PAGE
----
Is 4000 Transactions per Second Slow?

All the test were run directly on a low power, 4 year old, dual core CPU. The important point here is that Photon itself will never be your bottleneck. The day you will start to pump 4000 req/s to your clients, you will anyway not send just a Hello World! string. Your business logic will automatically be in the order of 20 to 50 ms and this will be your bottleneck. Anyway, people getting 50 requests per second in real life are very happy.

What is important is that in normal conditions, on a correct hardware, you will never need to put a cache layer in front of a resource served by Photon. The only bottleneck will be your data store if you query it for some fancy stuff.

What you will do is simply take benefit of the zero configuration scaling power of Photon and spread the load over several backend servers. This means that you will be able to scale out transparently. The only overhead will be the network latency and the cost of having more workers on the round robin scheduler of ZeroMQ, in practice these should be negligeable.

Number of Handlers Effect

Note that these tests were directly run against the current in production website. This is why the transaction numbers are a bit different, a bit higher, but the purpose here is not to have big numbers but the difference between these numbers.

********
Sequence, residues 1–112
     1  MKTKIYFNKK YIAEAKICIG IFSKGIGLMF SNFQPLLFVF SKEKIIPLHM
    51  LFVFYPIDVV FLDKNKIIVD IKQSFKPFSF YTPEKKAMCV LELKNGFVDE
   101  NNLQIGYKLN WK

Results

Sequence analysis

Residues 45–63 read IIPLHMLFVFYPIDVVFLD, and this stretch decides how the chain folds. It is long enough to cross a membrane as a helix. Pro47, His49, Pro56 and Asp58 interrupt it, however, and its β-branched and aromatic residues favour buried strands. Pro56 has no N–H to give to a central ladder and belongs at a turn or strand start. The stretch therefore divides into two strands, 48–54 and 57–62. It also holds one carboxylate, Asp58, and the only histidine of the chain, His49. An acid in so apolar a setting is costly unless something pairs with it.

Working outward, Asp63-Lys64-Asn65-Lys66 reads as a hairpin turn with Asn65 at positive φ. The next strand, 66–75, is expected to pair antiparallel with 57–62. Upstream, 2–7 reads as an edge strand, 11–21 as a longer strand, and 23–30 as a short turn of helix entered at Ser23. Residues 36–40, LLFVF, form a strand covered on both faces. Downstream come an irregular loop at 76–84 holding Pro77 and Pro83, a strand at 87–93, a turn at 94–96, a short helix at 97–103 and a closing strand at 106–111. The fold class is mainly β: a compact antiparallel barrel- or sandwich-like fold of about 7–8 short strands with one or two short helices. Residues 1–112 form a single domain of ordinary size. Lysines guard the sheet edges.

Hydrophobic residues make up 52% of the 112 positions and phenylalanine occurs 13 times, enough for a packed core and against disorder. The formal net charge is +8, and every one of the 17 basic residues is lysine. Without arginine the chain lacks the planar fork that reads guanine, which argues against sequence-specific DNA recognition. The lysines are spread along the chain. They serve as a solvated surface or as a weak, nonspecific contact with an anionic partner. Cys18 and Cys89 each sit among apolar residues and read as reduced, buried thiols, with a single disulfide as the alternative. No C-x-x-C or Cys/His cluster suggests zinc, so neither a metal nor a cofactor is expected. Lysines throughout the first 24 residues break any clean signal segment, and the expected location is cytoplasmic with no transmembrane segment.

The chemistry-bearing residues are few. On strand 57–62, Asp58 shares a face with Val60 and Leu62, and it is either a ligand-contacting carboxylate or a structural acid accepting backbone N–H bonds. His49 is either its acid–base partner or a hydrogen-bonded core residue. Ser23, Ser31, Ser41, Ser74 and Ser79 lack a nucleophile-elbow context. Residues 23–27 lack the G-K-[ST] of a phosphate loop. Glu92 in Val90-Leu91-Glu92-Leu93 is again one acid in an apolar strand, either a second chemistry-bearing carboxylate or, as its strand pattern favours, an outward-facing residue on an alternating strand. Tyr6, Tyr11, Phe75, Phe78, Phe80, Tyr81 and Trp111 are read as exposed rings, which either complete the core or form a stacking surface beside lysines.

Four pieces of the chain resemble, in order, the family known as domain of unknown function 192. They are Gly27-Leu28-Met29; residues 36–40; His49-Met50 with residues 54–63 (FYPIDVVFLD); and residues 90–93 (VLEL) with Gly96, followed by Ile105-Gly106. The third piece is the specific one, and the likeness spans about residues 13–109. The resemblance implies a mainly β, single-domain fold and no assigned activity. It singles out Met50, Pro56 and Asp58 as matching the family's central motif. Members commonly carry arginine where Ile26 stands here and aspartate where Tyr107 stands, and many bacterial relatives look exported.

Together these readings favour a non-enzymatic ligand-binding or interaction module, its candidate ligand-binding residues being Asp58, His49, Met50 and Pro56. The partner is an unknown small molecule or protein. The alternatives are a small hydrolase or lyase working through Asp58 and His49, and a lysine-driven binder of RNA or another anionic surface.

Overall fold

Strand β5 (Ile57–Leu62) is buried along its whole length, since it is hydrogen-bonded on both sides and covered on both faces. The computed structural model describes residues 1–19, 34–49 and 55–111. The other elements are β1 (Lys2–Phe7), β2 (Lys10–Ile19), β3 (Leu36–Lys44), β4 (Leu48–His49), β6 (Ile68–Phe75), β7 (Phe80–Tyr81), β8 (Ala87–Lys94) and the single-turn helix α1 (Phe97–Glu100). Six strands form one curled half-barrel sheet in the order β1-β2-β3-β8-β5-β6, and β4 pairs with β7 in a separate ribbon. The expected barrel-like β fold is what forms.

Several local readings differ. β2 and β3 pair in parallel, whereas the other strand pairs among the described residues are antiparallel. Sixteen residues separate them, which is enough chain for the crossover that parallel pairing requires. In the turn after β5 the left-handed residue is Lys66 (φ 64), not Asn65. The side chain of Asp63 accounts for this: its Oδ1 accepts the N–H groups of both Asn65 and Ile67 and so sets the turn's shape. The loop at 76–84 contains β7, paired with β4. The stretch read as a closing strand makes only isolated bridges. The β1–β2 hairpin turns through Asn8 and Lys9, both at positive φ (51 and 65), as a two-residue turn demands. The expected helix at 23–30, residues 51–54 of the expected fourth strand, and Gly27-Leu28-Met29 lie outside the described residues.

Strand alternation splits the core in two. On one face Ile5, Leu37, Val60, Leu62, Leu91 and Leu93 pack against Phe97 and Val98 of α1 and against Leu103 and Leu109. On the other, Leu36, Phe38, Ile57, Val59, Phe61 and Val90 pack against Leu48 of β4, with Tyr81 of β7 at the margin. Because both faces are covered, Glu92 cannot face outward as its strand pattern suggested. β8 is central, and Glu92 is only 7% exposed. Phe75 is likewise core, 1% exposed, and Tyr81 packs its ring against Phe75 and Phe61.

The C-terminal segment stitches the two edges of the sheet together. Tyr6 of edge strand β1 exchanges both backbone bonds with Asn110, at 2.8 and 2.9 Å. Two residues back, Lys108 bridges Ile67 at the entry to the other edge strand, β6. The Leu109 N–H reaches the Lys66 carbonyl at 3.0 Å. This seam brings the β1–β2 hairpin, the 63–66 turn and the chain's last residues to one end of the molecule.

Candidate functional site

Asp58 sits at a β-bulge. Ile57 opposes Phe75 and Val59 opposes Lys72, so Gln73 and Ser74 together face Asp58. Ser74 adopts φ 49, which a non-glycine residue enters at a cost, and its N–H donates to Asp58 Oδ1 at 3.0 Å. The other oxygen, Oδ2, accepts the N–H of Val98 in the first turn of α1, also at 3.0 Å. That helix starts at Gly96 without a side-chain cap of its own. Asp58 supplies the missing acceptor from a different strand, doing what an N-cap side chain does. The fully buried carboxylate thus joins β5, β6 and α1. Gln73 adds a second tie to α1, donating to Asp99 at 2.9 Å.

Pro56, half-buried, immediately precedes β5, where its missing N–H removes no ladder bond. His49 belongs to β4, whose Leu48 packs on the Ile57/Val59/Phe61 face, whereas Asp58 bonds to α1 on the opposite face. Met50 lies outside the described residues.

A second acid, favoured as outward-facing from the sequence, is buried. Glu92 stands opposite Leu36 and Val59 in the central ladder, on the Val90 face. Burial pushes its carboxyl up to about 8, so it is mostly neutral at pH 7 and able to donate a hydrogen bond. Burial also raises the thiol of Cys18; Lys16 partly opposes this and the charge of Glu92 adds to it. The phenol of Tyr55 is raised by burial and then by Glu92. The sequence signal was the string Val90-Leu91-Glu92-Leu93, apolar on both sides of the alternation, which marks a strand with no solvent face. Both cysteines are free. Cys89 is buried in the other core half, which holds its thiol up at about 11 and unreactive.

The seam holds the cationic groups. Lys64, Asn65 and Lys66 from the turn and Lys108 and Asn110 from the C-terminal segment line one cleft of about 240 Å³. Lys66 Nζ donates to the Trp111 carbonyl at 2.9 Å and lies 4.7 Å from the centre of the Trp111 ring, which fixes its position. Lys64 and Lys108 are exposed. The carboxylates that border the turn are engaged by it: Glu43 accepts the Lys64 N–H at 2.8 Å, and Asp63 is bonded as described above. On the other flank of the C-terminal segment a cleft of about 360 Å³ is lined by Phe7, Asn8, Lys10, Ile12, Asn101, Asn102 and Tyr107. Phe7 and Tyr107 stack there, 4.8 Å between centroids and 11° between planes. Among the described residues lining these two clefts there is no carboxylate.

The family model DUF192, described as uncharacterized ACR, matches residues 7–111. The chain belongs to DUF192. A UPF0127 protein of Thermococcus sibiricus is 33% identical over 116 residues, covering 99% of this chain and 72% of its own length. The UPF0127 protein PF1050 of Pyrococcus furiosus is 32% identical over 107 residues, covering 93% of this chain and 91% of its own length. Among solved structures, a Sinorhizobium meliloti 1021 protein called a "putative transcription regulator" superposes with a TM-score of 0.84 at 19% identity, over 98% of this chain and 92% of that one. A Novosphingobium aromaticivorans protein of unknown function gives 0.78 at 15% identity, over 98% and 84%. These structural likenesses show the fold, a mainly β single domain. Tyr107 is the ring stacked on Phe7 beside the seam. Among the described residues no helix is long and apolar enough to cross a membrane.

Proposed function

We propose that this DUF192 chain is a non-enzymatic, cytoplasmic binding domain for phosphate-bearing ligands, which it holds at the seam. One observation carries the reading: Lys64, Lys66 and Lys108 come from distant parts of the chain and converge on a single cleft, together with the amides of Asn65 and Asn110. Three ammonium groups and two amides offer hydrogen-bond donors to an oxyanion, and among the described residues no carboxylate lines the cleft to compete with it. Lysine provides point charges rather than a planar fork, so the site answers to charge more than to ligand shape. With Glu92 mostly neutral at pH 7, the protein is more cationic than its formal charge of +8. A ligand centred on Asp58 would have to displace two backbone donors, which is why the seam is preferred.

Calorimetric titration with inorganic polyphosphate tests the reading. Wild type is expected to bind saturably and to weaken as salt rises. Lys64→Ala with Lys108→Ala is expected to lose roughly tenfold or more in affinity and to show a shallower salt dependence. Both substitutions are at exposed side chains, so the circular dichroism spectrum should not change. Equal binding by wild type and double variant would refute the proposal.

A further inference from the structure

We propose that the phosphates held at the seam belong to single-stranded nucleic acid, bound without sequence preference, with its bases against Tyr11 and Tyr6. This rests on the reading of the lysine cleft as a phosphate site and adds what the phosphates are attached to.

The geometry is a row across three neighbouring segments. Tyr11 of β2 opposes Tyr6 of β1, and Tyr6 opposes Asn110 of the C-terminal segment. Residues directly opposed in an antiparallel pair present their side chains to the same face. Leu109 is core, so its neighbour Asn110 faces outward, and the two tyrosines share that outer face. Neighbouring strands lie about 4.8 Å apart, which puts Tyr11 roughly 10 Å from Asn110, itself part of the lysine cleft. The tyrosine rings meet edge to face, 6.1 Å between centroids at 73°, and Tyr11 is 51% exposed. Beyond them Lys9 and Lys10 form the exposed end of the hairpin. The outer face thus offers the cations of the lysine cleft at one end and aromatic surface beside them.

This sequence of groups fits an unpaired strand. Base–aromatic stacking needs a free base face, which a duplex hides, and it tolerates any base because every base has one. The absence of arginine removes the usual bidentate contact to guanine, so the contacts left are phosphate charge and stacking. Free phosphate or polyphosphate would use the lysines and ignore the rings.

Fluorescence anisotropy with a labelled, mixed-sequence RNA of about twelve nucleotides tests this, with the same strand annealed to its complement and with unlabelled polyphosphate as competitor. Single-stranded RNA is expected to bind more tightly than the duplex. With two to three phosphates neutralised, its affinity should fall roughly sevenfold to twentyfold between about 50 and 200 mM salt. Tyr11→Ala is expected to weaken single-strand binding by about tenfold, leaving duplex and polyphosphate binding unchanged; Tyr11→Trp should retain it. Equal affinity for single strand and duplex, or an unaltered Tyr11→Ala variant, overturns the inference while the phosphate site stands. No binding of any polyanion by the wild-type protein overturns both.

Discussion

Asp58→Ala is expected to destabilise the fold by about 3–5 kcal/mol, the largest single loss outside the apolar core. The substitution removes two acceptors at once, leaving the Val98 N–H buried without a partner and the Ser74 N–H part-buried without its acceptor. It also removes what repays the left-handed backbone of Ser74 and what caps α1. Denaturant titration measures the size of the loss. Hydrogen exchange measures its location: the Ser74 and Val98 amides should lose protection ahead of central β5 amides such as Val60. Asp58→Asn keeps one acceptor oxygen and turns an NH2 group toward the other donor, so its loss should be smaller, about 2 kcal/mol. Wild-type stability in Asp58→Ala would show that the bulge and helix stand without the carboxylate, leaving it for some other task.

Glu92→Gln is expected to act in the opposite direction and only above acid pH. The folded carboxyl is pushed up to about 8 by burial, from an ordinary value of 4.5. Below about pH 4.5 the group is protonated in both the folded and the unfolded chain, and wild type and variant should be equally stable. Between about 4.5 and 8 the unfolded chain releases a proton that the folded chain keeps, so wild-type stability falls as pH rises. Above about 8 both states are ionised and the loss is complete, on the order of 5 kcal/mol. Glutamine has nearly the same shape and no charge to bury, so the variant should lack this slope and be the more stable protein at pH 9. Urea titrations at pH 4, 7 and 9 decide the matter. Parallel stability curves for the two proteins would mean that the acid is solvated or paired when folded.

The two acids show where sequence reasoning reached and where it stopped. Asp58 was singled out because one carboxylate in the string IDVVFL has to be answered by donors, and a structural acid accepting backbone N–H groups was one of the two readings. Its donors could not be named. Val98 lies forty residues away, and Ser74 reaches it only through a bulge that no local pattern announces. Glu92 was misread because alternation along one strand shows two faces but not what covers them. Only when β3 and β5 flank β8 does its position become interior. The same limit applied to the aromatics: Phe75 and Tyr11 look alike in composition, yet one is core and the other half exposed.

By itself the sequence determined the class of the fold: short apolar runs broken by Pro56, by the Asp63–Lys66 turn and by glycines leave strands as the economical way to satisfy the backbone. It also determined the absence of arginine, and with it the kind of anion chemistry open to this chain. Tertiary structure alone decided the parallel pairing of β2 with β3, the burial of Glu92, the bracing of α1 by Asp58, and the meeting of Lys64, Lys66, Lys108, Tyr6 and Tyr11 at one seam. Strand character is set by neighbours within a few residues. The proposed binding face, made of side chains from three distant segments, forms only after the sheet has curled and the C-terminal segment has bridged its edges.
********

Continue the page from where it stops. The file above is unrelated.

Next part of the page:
With the commands hnu server new and hnu server less you start/stop new children to handle the load. By default, you get 3 children. On a small dual core system (OpenVZ VM), this means that you have 4 processes handling the requests: 1 Mongrel2 and 3 Photon children. It looks like that for the very small Hello World! test (a closure directly in the URL map), this is the sweet spot. After that, you are at the limits of your system and you end up being CPU bounded.

Children Req. Conc. Effect. Conc. Trans/s
1 10 9.96 2508
2 10 9.93 4352
3 10 9.88 5997
4 10 9.90 5815
5 10 9.90 5864
6 10 9.89 5860
7 10 9.90 5844
1 25 24.96 2543
2 25 24.92 4259
3 25 24.86 6954
4 25 24.86 6815
5 25 24.89 6706

Then run was simply siege -cXX -t15S http://www.photon-project.com/hello with a first 2 second run just after adding a new child to the pool and XX with either 10 or 25.

In this case, 4 processes is a sweet spot to extract the maximum out of the two cores. After that, you lose a bit because of the context switching between processes on a maxed out system. If you have more cores available I expect the number of transactions to increase the same way to a higher limit and then, again, plateau. The good points are:

  • with one installation, you can fine tune the number of children to take maximum benefit of all the cores available;
  • it looks like the sweet spot is not affected by the number of concurrent connections;
  • if you over commit resources you pay little price for it.

For reference, the Hello World! view definition is a very simple closure:

array('regex' => '#^/hello$#',
      'view' => function ($req, $match) {
          return new \photon\http\Response('Hello World!', 'text/plain');
      },
      'name' => 'photonweb_hello',
     ),

The tests were performed between two OpenVZ VMs over a LAN. The real interesting next step would be to add new VMs, each runnig a Photon instance and all responding to the main Mongrel2 servers. But I am a bit lazy to test this right now.